A local parent shares her thoughts on Yahoo! CEO Marissa Mayer’s recent telecommuting ban–and drops some first-hand knowledge on approaching the work-from-home issue with your employer.
Shortly after my son was born prematurely, I tried to negotiate a flexible work arrangement with my place of employment. Unexpectedly overwhelmed with the care of a high-needs baby and facing a daily two-hour round trip commute, I hoped we could reach a compromise. I loved my job, but I also loved my new family and I didn’t want to force a choice between the two. I’ve always been a hard worker and assumed that my talent and potential would trump any concerns related to a flexible work arrangement.
My request was denied immediately.
I felt betrayed and helpless and even a little bit angry.
Maybe a lot angry.
After a long weekend of running numbers and looking at schedules, my husband and I made the decision that was best for our family at that time: I quit the job I loved. I fully believe that I would still be with that company if they simply had been willing to let me work from home for part of the week.
So when the news broke that Marissa Mayer eliminated work-from-home options at Yahoo!, I wanted to feel betrayed. I wanted to be angry. Instead…I find myself defending her. Employees are not entitled to flexible work arrangements, though I think they are great solutions to balancing the needs of work and family and attracting talent. And if Marissa Mayer were named “Mark”? This would not be a news event.
Female CEOs are not required to be crusaders for the feminist cause, as much as I wish they were. It would be a tectonic shift if women in the C-suite could always prioritize the needs of other women in their company, but isn’t their first responsibility to make sure there’s a company to support in the first place? Mayer wasn’t hired to redefine the rules for working moms and dads; she was hired to turn around a flailing brand that is, at best an afterthought. If she thinks the company needs all hands in the office, they probably do. At least until we’re all using “yahooing” as a verb for Internet searches, I’m cutting her some slack.
As for me, I eventually found a job I love that is flexible around the needs of my family. In case you’re a mom or dad in a situation similar to mine, here are a few tips for helping to negotiate the best arrangement for you.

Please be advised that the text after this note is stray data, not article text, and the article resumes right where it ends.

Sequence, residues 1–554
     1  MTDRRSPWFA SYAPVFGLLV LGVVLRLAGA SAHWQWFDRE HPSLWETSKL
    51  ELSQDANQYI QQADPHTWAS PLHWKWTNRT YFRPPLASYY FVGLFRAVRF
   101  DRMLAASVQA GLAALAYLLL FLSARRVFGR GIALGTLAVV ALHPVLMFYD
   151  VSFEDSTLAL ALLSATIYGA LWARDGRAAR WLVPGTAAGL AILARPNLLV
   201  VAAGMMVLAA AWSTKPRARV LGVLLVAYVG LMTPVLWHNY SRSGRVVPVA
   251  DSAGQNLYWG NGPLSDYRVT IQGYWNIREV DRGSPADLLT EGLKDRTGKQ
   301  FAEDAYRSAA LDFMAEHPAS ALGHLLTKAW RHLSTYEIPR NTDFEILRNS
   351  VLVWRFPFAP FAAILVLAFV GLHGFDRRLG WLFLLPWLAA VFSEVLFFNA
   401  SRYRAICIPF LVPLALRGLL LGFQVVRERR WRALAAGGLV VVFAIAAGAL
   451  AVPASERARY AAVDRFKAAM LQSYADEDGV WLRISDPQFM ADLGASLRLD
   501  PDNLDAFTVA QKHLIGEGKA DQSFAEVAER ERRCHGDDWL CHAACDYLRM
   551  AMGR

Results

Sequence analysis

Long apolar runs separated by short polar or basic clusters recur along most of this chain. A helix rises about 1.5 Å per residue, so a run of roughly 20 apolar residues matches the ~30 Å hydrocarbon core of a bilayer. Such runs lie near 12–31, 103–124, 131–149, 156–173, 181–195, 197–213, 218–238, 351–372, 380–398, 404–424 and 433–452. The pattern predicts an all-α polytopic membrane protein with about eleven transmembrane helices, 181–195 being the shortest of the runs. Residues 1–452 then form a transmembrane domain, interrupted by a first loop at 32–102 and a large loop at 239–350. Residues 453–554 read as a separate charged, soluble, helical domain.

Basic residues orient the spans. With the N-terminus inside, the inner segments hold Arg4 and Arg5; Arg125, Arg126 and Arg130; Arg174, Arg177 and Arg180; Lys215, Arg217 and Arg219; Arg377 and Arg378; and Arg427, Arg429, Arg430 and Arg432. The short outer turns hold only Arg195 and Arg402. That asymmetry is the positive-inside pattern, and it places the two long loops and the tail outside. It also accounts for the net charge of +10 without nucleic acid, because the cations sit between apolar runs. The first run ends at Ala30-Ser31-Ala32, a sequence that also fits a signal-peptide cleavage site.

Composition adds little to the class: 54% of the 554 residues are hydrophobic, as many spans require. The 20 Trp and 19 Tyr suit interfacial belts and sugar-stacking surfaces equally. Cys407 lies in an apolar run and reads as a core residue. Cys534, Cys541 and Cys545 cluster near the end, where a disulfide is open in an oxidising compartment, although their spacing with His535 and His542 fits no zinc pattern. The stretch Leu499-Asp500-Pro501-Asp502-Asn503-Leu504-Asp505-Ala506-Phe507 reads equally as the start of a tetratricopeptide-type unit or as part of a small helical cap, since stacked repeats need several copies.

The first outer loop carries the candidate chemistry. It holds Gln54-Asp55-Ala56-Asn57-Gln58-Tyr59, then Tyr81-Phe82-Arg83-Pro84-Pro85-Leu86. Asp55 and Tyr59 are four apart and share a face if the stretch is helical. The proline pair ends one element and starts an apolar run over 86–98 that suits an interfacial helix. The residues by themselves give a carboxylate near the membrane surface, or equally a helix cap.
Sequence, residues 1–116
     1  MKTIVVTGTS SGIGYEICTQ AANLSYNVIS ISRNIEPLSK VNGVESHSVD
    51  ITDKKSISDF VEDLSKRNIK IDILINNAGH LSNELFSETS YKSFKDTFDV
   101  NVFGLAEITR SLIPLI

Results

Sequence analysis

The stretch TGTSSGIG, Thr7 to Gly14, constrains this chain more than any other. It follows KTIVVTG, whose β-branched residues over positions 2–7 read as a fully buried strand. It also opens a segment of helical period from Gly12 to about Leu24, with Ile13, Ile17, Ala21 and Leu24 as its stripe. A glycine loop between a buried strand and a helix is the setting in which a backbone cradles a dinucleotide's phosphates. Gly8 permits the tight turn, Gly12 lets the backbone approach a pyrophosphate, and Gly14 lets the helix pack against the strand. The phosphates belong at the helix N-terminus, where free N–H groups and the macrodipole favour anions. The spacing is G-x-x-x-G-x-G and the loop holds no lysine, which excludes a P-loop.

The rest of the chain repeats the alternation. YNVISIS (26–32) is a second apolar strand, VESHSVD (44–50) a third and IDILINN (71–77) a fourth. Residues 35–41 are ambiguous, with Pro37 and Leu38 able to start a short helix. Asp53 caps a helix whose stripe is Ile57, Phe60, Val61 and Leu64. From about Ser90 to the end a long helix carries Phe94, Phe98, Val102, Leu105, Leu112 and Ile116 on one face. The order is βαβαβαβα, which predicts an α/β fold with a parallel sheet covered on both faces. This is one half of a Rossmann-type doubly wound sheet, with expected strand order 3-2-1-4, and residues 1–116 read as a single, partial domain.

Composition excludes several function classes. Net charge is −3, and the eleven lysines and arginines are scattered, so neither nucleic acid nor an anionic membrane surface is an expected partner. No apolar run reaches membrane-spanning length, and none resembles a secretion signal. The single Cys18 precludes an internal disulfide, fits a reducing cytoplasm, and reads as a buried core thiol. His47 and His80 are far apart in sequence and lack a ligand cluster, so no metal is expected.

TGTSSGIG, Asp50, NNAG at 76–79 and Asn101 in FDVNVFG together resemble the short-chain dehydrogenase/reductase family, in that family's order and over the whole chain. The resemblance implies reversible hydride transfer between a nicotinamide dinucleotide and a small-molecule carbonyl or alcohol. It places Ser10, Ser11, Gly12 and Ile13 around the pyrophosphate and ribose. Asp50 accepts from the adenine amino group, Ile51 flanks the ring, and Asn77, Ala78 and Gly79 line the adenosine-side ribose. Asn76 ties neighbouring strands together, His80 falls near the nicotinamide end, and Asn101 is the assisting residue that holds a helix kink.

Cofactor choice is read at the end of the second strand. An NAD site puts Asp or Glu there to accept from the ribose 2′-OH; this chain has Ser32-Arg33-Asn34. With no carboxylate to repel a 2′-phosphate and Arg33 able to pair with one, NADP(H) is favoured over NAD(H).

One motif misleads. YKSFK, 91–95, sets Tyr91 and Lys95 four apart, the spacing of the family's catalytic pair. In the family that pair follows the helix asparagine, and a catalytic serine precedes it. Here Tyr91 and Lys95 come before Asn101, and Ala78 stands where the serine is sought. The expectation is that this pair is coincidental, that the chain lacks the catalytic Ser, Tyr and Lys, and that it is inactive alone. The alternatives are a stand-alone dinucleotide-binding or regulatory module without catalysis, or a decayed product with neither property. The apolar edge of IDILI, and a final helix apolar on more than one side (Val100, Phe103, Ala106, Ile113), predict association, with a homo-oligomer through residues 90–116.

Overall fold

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I made the mistake of thinking my history of hard work would make a difference when asking for a flexible work arrangement–I always worked hard whether I was at home, in the office, or traveling. But this was mostly irrelevant. What it really came down to in the end was my job description and the day-to-day needs of my team, and they determined they needed someone in my role in the office every day.
Don’t wait to discuss your options. If you’re expecting a baby or your family has changing needs that may require reworking your schedule, research your options and be proactive. Anything can happen, and the more time you have to address possibilities, the better your outcome. The more time you have to sell yourself as an excellent candidate for a flexible work arrangement, the better.
Understand that there are limits
Be aware of what your company’s culture and policies are and don’t expect an exception to be made for you. If your company doesn’t allow working from home, don’t think they will change the rules for you.
I’m now often asked how I found a job that allows for flexibility. The simple answer is that I asked for it. When I decided to go back to work, my cover letter explained what my needs and expectations (within reason) were. If you want to employ this strategy, be aware that some employers might not give you a second look. Interviewers can’t ask about your family situation, and most HR professionals will tell you that bringing up your kids or spouse in an interview is a big no-no. However, I ignored this directive and was completely honest, HR professionals be damned. I wanted employers to get the entire picture of me as a person, and I didn’t ever want to have to choose between family and career again.
I am both a talented employee AND a parent. It’s entirely possible to find a space where those two things can coexist, but you have to know how and where to find it.
Photo by: eric hayes